Relationship Connection: What parenting advice should we follow?

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Question

My husband and I are the brand new parents of a little girl. Even though she’s an infant, we want to get a head start on understanding how to parent her as she grows up.

When I go online to search out parenting resources, I immediately get overwhelmed with all of the advice that is out there. Some parenting experts make it seem so complicated about all of the things we need to remember so we don’t damage our daughter’s self-esteem. We aren’t sure where to start or who to pay attention to.

We both come from divorced families and don’t completely agree with some of the ways we were parented in all of that mess. We want to do things differently with our daughter when it comes to parenting. Can you direct us to some good parenting resources?

Answer

First of all, I want to extend a heartfelt congratulation to you and your husband on becoming parents! This is such a special time as you welcome this little daughter into your lives. Even though her needs are basic right now, you’re wise to begin thinking about how you will guide her in the coming years.

As you mentioned, it’s easy to become overwhelmed with all of the theories on how to raise children. Like fashion or home décor, there are also parenting trends that come and go. Some are harmless while other practices can actually create more problems between parents and children.

There are many voices seeking to influence how we direct our lives and the lives of our children. Everyone from your neighbor down the street to the latest best selling author have opinions on how you should raise your daughter. When faced with something as weighty as raising a child, we naturally long for direction and answers.

Even though I will suggest some helpful parenting resources at the end of my response, I first want to point you a simple principle that will help you decide what resources will be most helpful to your family.

Before you start sifting through parenting books and articles, make sure you and your husband discuss what kind of home environment you want to provide for your daughter based on your most cherished values. Formally sit down together and identify the values that are important to you.

For example, you may feel strongly that you want to teach your children responsibility. Or, perhaps you want them to care for others. Each parenting approach is based on certain values. Make sure they align with the values you want to impart in your home.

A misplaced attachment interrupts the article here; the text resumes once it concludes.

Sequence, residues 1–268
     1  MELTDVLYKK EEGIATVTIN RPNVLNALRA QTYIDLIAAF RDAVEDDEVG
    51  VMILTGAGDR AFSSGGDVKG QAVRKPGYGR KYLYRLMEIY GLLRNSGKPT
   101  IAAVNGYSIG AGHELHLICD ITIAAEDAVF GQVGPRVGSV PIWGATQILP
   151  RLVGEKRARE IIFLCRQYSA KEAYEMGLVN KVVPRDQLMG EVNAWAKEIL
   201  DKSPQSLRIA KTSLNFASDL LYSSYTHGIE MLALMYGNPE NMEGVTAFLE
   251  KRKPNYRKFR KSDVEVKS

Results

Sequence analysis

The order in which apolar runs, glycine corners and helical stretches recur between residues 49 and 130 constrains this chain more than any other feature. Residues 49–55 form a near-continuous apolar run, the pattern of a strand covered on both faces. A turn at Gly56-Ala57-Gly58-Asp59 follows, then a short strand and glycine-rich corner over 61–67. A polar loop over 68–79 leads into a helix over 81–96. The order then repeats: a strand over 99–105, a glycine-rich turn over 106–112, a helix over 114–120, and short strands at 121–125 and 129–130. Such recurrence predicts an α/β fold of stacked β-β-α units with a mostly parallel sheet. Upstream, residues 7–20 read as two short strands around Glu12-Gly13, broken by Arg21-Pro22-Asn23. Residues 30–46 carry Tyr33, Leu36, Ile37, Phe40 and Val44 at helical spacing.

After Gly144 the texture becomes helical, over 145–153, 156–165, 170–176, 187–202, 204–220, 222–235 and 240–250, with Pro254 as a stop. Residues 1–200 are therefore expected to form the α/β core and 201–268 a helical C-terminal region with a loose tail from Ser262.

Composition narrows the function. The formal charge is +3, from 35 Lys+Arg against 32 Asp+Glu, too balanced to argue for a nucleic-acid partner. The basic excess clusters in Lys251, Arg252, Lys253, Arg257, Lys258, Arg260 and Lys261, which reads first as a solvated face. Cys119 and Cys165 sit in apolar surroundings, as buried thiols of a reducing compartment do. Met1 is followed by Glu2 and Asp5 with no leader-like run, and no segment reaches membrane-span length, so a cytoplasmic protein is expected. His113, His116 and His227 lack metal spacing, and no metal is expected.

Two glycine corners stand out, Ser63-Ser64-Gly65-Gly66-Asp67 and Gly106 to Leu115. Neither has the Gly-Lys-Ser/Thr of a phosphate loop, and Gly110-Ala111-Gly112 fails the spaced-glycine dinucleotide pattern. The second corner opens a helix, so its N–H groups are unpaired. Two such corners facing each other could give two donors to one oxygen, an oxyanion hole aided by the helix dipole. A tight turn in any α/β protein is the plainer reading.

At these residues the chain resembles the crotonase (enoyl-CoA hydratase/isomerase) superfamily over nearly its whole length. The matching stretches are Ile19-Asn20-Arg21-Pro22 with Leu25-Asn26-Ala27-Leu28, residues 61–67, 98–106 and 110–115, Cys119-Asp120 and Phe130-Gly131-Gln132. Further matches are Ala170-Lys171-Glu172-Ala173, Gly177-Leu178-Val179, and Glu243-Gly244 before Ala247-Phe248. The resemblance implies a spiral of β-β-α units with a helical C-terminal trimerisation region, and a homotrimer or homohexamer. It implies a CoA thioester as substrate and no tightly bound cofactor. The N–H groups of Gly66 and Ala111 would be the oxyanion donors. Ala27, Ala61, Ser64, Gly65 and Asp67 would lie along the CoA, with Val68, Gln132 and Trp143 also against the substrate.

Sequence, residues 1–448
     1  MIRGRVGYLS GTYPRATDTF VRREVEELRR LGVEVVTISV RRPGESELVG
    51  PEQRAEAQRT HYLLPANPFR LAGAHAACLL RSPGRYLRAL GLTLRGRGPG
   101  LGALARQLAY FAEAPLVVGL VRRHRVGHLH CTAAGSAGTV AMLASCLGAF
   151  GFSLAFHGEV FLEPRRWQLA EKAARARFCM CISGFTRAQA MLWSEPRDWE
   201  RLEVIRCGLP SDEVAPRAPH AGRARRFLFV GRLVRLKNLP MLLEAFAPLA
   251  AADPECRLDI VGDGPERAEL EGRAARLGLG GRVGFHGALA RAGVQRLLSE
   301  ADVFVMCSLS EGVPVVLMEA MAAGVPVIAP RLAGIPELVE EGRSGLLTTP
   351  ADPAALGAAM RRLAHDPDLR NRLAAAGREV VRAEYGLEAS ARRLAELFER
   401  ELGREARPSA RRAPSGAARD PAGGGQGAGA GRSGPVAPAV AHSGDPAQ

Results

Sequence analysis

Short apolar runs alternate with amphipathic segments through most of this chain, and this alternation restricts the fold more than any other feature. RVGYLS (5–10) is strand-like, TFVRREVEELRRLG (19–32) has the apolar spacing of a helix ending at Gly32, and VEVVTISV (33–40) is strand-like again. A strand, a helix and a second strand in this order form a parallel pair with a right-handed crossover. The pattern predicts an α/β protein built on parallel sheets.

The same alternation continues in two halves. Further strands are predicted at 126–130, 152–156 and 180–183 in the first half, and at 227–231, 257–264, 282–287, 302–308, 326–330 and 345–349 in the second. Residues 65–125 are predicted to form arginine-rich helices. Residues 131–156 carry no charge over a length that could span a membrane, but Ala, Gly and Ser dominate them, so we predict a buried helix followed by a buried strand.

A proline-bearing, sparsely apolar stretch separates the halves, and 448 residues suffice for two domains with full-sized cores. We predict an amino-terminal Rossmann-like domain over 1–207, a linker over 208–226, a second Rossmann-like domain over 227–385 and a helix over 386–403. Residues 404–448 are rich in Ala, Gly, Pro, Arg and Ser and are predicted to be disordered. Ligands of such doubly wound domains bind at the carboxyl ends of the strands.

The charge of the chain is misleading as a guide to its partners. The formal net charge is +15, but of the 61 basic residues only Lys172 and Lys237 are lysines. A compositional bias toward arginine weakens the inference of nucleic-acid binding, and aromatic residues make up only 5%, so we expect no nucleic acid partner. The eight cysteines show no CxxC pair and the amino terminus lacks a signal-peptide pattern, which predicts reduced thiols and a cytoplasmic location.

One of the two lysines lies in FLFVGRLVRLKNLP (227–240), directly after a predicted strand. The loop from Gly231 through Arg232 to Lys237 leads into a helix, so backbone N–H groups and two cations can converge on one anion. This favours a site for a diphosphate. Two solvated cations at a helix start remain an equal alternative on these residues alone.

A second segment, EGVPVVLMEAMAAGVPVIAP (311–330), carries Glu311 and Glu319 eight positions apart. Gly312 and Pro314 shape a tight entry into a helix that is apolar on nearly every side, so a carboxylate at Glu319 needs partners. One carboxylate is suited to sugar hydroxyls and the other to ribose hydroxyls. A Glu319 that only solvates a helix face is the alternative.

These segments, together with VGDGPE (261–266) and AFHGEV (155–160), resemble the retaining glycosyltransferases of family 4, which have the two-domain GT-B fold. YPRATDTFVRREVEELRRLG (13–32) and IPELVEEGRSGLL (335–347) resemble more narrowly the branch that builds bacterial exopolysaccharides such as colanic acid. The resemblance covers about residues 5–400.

There are some approaches that use power and manipulation to get children to comply. Others are based on compassion and respect. As you search carefully through different books and articles, see if you can identify the specific value system from which they’re operating.

Please recognize there are lots of wonderful ways to structure your family and guide your daughter. Don’t believe for one minute that there is one right way to raise your daughter. She is an individual with specific gifts, a unique temperament, a personality, and other distinguishing features that will help you determine how you will help her navigate the world.

You don’t need to fret today about knowing how you will guide her as a preschooler or a teenager. Those answers will come as you need them. Trust that your values will help you identify resources and answers that will help you give your daughter the guidance perfectly designed for her life. Dr. Brene Brown reminded us that “children are wired for struggle”, so we don’t need to live in fear of making mistakes. As long as you are conscientious and seeking answers for how to direct her life, these mistakes will be repaired and help all of you grow and progress.

Here are just a few parenting resources that have helped our family over the years:

  • “Between Parent and Child” – Haim Ginott, Alice Ginott, and H. Wallace Goddard
  • “The Child Whisperer” – Carol Tuttle
  • “How to Talk so Kids Will Listen, How to Listen so Kids Will Talk” – Adele Faber and Elaine Mazlish
  • “Siblings Without Rivalry” – Adele Faber and Elaine Mazlish
  • Raising an Emotionally Intelligent Child – John M. Gottman

Stay connected!

Geoff Steurer is a licensed marriage and family therapist in private practice in St. George, Utah. He specializes in working with couples in all stages of their relationships. The opinions stated in this article are his own and may not be representative of St. George News.

Have a relationship question for Geoff to answer? Submit to:

Email: geoff@lovingmarriage.com

Twitter: @geoffsteurer

Instagram: @geoffsteurer  

Facebook: facebook.com/GeoffSteurerMFT

Copyright St. George News, SaintGeorgeUtah.com LLC, 2017, all rights reserved.

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2 Comments

  • Hataalii March 29, 2017 at 10:55 am

    Geoff left out some important points here.
    1, Above all else, use common sense.
    2, Above all else, use common sense.
    3, Above all else, use common sense.
    4, Used discipline appropriately, and with love, using common sense.

  • Sapphire March 29, 2017 at 11:49 am

    There is no perfect answer. Children are different and will respond differently to your parenting techniques. That is why you can have many children, raise them all the same way and have vastly different outcomes. Just love them, teach them how and why instead of making demands, let them be children instead of miniature adults, do things with them instead of ordering them aroound, and follow through with consequences or they will not respect you. The best info I ever came across with all the books I read were books that tell ages and stages so you know what to expect and can be prepared to deal with their childhood situations appropriately. Being taken by surprise causes much of parental reactions that aren’t helpful or humane.

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